By Colleta Dewa in Johannesburg
Leaders from across the African continent who gathered in Johannesburg, South Africa, for the African Leaders of Peace summit last week said the continent needs more tolerant political leaders if peace is to prevail.
The Peace Summit marked the 100th-anniversary celebration of the births of former South African President Nelson Mandela and the human rights activist Albertina Sisulu.
Addressing delegates during the summit, former president of Mozambique President Joaquim Chissano ephasised that inequality in sharing of resources and land was the biggest threat to stability in Africa.
Chissano added that although there were a few coups that threatened democracy, tempers would always be high until inequality was addressed.
“Inequality with regards to distribution of resources and land are a major threat to peace hence the need for governments to carefully address such issues.
“Today, I have heard about cessation of war and that everyone wants peace, not war. But there is one more thing I would like to add, and that is: cessation of war is not possible without the cessation of individual and familial conflicts. And our children need to receive peace education and learn the culture of peace,” said Chissano.
He was among ministers and speakers of parliament from countries, including Mozambique, Lesotho and Swaziland who attended the summit.
Veronica Nataniel Macamo, Mozambique’s president of the National Assembly, expressed hope that the Declaration of Peace and Cessation of War (DPCW) had the potential to achieve everlasting solution to conflicts the world over.
“I believe that peace can be achieved through the Declaration of Peace and Cessation of War (DPCW) and hope that all nations will be able to attain peace not only for our future generations but in our current generation as well,” he said.
Also present during the summit was Korean war veteran and peace advocate, Man Hee Lee, who spoke highly of his desire and quest for a conflict free world.
“I have come to Africa to speak about the work of peace. Countless people have worked for peace on this planet but how much peace do we have today?
“There will be no greater thing we could leave as a legacy to our future generations than to end war on this planet and create peace,” said Lee.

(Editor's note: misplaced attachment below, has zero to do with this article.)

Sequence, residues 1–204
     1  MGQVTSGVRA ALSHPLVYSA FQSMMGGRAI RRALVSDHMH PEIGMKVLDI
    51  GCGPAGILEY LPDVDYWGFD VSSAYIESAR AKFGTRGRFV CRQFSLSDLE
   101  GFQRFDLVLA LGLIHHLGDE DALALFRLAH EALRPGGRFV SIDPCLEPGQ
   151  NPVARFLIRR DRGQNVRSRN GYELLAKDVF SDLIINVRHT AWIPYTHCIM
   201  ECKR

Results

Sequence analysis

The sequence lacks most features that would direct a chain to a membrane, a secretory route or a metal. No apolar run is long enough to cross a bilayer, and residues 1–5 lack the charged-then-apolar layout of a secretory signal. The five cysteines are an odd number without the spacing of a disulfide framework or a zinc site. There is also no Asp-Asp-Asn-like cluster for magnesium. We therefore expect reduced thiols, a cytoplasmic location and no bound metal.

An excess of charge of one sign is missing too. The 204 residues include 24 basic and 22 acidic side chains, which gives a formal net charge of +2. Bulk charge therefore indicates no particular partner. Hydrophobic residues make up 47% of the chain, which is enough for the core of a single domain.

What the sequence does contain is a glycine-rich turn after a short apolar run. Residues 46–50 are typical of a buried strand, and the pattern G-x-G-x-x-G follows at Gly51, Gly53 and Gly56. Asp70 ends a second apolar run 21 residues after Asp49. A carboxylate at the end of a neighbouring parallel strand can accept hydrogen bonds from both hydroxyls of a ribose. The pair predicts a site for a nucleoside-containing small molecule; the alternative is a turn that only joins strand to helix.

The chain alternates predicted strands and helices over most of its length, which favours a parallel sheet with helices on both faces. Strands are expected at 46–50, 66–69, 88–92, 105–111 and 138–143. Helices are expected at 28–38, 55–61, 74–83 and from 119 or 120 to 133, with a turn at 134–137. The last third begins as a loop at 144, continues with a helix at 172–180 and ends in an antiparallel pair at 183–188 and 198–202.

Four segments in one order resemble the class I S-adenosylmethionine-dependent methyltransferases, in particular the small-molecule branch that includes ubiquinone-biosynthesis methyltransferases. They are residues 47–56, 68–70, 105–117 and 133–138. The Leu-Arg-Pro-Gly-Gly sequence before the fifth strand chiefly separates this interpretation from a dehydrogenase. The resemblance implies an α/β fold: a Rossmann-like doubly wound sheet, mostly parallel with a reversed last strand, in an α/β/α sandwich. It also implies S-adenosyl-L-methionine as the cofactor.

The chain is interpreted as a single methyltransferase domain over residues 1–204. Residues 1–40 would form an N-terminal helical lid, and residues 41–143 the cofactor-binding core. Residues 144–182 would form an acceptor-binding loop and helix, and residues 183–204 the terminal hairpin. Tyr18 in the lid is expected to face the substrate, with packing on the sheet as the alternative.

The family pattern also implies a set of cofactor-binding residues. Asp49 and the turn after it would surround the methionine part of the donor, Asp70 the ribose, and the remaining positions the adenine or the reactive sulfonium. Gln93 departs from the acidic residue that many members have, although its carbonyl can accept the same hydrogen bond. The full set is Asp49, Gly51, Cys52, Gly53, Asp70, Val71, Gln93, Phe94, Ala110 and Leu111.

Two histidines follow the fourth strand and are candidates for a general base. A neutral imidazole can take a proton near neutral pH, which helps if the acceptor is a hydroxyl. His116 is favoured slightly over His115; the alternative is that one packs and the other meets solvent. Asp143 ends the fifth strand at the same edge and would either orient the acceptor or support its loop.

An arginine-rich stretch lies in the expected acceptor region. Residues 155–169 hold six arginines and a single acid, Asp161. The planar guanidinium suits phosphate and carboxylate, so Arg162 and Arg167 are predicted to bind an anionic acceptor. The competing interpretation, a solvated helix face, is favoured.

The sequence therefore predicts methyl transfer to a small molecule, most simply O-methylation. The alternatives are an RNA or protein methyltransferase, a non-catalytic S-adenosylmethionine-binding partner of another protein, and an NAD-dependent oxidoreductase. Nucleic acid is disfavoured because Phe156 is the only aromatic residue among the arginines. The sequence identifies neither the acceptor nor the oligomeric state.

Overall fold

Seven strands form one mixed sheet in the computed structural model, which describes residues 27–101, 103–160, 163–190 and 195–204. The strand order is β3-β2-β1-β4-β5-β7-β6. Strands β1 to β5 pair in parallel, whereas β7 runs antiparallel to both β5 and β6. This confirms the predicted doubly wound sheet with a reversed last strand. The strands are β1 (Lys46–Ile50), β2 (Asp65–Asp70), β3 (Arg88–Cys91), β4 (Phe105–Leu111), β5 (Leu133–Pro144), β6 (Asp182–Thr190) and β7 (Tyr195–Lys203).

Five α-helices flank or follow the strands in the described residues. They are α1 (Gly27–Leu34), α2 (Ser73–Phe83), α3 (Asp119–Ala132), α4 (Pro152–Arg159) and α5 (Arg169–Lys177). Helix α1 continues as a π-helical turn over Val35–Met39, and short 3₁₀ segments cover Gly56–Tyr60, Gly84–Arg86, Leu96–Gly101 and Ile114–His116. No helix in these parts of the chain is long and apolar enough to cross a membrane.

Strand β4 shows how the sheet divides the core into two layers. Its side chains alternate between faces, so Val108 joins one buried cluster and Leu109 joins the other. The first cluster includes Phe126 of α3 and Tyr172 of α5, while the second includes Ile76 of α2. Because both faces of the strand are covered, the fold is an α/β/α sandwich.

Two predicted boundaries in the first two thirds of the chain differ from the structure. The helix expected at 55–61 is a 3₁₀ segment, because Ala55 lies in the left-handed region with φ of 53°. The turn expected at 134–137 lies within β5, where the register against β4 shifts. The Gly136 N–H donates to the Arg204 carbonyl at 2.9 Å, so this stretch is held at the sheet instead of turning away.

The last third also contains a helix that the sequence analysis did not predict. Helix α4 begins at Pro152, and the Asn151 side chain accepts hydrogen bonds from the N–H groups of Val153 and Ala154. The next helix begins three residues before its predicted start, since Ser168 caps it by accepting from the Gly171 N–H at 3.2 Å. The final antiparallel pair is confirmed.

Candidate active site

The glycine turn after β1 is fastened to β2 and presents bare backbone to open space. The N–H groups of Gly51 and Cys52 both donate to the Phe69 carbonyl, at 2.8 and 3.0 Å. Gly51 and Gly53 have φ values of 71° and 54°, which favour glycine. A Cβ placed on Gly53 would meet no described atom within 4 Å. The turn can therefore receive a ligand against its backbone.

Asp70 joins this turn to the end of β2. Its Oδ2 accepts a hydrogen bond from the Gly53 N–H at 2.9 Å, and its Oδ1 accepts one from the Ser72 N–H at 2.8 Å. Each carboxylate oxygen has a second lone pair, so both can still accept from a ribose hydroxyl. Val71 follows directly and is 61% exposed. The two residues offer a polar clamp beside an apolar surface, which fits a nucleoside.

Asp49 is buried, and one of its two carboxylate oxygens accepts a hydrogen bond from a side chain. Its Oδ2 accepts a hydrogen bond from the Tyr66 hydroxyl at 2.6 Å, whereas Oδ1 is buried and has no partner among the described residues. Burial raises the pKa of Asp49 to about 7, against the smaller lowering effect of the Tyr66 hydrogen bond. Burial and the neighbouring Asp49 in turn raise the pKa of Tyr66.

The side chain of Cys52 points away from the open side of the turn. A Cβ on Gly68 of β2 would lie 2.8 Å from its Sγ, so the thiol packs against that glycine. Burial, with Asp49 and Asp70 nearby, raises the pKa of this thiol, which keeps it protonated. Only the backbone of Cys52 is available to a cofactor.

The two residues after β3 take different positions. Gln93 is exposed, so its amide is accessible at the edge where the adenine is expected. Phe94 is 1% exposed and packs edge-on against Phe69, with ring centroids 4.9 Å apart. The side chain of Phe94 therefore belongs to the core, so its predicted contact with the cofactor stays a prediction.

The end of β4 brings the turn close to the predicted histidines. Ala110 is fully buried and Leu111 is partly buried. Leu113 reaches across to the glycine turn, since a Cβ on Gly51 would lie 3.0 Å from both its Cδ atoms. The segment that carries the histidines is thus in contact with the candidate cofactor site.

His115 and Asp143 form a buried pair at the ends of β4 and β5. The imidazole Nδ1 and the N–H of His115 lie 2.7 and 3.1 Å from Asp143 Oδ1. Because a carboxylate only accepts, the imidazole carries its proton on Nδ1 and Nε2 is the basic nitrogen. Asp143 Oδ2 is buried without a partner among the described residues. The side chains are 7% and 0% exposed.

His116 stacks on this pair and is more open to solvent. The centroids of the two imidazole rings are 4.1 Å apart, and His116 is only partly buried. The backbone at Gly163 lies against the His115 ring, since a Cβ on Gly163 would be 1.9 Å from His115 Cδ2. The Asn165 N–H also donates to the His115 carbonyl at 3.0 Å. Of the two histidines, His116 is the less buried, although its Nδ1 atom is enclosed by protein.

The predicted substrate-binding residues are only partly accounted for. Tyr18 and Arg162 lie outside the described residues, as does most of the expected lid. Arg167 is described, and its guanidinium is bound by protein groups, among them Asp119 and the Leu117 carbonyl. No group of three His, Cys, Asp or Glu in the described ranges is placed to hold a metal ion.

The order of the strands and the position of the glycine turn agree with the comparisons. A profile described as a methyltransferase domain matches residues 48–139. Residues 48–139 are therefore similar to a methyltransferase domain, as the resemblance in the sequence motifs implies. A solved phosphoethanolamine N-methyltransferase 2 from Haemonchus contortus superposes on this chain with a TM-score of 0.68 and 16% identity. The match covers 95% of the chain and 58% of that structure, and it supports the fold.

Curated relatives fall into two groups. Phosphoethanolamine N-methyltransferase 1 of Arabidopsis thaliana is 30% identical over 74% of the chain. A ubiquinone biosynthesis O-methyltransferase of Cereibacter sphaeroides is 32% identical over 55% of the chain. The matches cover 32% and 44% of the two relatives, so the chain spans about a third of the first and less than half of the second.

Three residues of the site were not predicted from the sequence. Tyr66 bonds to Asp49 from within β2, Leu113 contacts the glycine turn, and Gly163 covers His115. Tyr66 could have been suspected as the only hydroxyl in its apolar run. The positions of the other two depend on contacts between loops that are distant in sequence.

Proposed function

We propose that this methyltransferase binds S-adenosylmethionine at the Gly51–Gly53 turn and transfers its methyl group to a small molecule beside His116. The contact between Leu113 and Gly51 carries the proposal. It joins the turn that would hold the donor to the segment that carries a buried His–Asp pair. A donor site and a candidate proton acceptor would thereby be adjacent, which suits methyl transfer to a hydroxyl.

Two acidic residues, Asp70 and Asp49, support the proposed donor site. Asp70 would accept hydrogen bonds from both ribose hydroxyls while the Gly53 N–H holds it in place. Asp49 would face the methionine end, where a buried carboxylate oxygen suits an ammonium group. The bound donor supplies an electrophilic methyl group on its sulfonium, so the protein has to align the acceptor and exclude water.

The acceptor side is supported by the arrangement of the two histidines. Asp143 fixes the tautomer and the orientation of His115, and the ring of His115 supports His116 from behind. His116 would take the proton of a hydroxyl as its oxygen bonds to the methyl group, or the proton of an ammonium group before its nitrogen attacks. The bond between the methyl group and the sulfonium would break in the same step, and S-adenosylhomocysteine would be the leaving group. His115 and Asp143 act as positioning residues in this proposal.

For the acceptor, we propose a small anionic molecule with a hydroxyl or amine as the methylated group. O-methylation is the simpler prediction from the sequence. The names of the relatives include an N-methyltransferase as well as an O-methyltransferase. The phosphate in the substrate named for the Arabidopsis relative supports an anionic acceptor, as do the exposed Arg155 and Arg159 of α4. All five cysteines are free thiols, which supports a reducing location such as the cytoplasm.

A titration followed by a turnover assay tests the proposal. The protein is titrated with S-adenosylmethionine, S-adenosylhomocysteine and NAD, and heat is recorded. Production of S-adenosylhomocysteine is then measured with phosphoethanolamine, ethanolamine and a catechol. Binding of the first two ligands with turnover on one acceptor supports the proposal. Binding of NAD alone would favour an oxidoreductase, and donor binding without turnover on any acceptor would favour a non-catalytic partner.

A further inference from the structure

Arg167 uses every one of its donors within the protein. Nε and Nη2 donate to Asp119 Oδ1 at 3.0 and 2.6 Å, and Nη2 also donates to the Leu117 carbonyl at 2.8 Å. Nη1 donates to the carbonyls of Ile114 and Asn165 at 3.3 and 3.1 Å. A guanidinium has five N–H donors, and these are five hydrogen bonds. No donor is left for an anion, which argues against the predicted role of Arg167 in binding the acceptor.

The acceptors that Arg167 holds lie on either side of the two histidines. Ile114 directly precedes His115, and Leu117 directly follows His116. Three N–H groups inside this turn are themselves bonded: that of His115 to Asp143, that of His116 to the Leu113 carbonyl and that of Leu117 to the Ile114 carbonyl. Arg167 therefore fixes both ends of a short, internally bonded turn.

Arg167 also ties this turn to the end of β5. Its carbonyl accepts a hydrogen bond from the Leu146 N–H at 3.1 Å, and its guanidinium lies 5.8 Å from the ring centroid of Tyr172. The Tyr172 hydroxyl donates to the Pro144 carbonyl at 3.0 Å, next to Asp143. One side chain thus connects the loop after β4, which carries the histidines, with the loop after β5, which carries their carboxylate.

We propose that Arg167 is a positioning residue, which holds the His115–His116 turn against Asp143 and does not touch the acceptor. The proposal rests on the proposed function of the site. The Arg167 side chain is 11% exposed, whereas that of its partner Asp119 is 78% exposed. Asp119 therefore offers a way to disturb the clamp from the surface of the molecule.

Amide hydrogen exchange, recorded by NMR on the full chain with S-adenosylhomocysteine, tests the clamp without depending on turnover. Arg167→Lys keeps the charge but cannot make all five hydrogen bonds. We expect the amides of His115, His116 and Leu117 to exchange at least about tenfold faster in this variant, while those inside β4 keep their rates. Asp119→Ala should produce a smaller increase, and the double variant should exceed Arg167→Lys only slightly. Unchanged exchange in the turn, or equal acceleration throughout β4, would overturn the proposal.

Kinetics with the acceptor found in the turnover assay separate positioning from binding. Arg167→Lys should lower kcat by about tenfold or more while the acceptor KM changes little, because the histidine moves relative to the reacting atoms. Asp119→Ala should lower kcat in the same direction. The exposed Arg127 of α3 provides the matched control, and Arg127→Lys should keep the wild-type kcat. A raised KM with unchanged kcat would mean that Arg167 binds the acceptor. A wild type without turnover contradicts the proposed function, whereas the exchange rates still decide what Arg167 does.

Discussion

The event, which was co-hosted by the African Leaders of Peace Summit Organising Committee, Heavenly Culture, World Peace, Restoration of Light (HWPL), the International Women’s Peace Group (IWPG), and the International Peace Youth Group (IPYG), recalled the roles of the leaders for peace and security in Africa and suggested a plan for the implementation of the AU’s Agenda 2063.
The organisers also explained that the purpose of the summit was to awaken the leaders to their roles and achieve a peaceful Africa, in the midst of the recent political hiccups in Zimbabwe and the employment discrimination based upon the level of education or sex found in African society.
Prince Hlangusempi, who is also Minister of Economics and Planning, participated in the event as a special emissary of King Mswati III of eSwatini.
ESwatini and Seychelles signed a National Solidarity Statement for the Promotion of the DPCW as support for peace-building at a global framework.
The DPCW was drafted with the intention of promoting the respect of fundamental human rights and international law.
It is composed of 10 articles and 38 clauses, and offers such holistic principles as peaceful conflict resolution, promotion of friendly relations between states, freedom of religion, and the spreading of a culture of peace, for the advancement of peace in the nations and civil society.
The core values are freedom, justice, peace, security, inter-generational solidarity and the promotion of social progress.